We all know that Shakespeare is best learned by experiencing it. Well, what does that mean? It’s not like your average student can just head out and find a production of any given play at any given time. So the next best thing is the movie, right? Movies are tricky for classrooms, who have to get the appropriate rights to show a movie like that. And they are not very conducive to working as study guides, when the student might want to bounce around the text a bit.
So what about Shakespeare In Bits, a project that attempts to fill this gap by offering a Flash animated movie of the play, integrated with the text and a browser? It’s an interesting idea. The people are computer drawings, of course, but the voice over is real people. So sit back and watch as the computer reads Romeo and Juliet to you. Each scene also comes with a synopsis of what happens, and some notes about what to look for. I like that. The typical synopsis / “modern translation” doesn’t ever attempt to break out of that line-by-line translation and just say “Look, her’es what happens, here’s what’s important, here’s what to watch out for.” This version does.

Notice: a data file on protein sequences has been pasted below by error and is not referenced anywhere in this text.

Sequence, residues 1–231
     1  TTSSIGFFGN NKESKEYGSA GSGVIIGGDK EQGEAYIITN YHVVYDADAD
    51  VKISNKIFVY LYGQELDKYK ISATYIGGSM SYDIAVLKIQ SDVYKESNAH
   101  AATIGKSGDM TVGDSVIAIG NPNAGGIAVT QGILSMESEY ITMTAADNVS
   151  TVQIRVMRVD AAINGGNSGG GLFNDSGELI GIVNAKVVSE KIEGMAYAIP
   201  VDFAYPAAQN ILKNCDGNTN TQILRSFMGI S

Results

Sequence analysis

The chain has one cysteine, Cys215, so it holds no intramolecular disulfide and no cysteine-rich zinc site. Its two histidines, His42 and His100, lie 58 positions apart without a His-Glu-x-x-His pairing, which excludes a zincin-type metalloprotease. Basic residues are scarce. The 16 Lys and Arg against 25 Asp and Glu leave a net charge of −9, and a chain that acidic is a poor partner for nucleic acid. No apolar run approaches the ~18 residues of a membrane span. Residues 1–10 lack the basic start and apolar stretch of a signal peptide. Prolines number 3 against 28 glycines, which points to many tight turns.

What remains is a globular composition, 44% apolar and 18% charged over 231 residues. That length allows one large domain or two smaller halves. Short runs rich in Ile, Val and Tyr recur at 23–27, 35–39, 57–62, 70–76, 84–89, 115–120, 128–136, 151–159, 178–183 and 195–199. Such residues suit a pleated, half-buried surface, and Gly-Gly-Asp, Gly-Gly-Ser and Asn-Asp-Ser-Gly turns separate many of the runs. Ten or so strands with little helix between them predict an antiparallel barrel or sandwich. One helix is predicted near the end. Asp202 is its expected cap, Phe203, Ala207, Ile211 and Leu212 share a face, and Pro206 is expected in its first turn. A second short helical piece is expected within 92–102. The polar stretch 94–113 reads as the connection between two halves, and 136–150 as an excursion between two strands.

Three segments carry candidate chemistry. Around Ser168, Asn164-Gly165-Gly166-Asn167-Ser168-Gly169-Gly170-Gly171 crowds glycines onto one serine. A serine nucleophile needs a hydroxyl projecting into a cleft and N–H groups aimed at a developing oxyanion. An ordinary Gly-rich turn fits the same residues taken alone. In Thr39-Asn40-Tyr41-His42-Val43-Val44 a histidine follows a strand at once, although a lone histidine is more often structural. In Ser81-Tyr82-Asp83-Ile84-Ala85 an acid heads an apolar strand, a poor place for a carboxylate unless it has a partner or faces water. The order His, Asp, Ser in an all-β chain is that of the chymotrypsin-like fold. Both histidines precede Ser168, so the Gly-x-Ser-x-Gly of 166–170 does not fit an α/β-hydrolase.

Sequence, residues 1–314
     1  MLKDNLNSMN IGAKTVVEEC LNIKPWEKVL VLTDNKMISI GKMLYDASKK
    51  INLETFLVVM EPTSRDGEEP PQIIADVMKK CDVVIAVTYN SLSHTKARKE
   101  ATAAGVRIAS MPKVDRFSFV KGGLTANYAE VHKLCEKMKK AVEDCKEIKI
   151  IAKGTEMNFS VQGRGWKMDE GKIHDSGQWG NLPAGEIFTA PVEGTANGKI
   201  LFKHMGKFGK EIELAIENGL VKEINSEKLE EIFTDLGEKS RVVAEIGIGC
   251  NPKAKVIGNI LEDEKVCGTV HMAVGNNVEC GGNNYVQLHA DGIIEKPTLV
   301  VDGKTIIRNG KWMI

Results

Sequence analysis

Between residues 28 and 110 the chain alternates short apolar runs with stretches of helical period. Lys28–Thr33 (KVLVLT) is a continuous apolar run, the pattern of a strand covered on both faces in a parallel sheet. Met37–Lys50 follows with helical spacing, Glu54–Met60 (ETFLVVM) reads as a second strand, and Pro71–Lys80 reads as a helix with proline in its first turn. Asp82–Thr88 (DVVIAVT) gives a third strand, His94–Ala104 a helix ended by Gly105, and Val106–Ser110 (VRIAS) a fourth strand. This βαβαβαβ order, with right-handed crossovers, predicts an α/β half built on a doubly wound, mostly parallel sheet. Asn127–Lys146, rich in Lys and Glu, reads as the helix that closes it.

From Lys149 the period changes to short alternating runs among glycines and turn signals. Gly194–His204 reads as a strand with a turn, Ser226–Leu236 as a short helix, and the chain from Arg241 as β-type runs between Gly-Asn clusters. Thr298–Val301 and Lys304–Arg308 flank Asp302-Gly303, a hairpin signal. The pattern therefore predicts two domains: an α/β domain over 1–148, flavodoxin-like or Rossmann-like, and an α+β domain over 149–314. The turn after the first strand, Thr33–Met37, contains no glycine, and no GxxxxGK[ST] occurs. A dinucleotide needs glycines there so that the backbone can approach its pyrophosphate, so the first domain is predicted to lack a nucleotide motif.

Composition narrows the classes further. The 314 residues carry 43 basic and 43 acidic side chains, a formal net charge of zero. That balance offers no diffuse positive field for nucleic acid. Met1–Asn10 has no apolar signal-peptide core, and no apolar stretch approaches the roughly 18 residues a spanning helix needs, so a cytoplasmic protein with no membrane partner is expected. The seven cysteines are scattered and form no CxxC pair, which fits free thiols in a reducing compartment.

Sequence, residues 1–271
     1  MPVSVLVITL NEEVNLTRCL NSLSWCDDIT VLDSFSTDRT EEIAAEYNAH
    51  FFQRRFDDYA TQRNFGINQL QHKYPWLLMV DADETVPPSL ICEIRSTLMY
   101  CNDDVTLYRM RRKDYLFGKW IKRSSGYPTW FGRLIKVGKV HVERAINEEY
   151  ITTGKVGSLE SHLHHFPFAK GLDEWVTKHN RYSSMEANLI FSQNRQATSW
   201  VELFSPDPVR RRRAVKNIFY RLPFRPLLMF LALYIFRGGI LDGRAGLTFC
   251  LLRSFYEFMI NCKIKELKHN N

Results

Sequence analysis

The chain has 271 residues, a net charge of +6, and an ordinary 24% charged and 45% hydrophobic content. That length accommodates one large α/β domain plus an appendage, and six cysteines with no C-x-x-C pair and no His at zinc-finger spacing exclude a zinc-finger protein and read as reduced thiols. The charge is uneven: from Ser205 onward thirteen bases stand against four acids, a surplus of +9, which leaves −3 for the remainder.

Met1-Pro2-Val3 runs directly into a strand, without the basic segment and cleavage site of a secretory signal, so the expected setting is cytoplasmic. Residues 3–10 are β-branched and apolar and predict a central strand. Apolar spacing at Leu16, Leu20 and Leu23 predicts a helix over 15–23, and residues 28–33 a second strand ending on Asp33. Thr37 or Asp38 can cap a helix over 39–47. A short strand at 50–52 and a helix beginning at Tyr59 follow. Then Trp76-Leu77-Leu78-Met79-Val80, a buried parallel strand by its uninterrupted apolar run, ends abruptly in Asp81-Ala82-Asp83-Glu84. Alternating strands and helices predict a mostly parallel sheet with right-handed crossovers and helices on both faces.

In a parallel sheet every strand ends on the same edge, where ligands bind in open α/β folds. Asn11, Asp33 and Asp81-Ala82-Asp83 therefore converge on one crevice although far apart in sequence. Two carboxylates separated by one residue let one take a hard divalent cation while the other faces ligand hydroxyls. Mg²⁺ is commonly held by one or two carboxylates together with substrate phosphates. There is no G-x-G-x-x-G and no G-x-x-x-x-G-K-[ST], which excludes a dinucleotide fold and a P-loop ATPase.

Even more (that I literally just discovered while doing this review) there are character sheets with profiles, a character relationship map (people often forget that Mercutio is related to the Prince!), and analysis of themes, imagery, language and all that other good stuff. It really is attempting to be a valid classroom companion text for the play and not just a quickie “flash version”.
Made for the classroom setting, the trial model is a little unusual (and I’ve spoken with the author, who by the way is in Ireland). You can watch a portion of Romeo and Juliet (just the first scene, really), but only for a limited time. This being a very easily copied product they’re still working out the optimal model that will allow a classroom full of students to experience Shakespeare without necessarily buying just one instance and copying it 30 times. I can’t fault them for that, business is business.
I know I’ve got some teachers out there, so you might be interested in giving it a spin. Certainly innovative in its methods from bringing Shakespeare to life without having to go license the latest movie rights.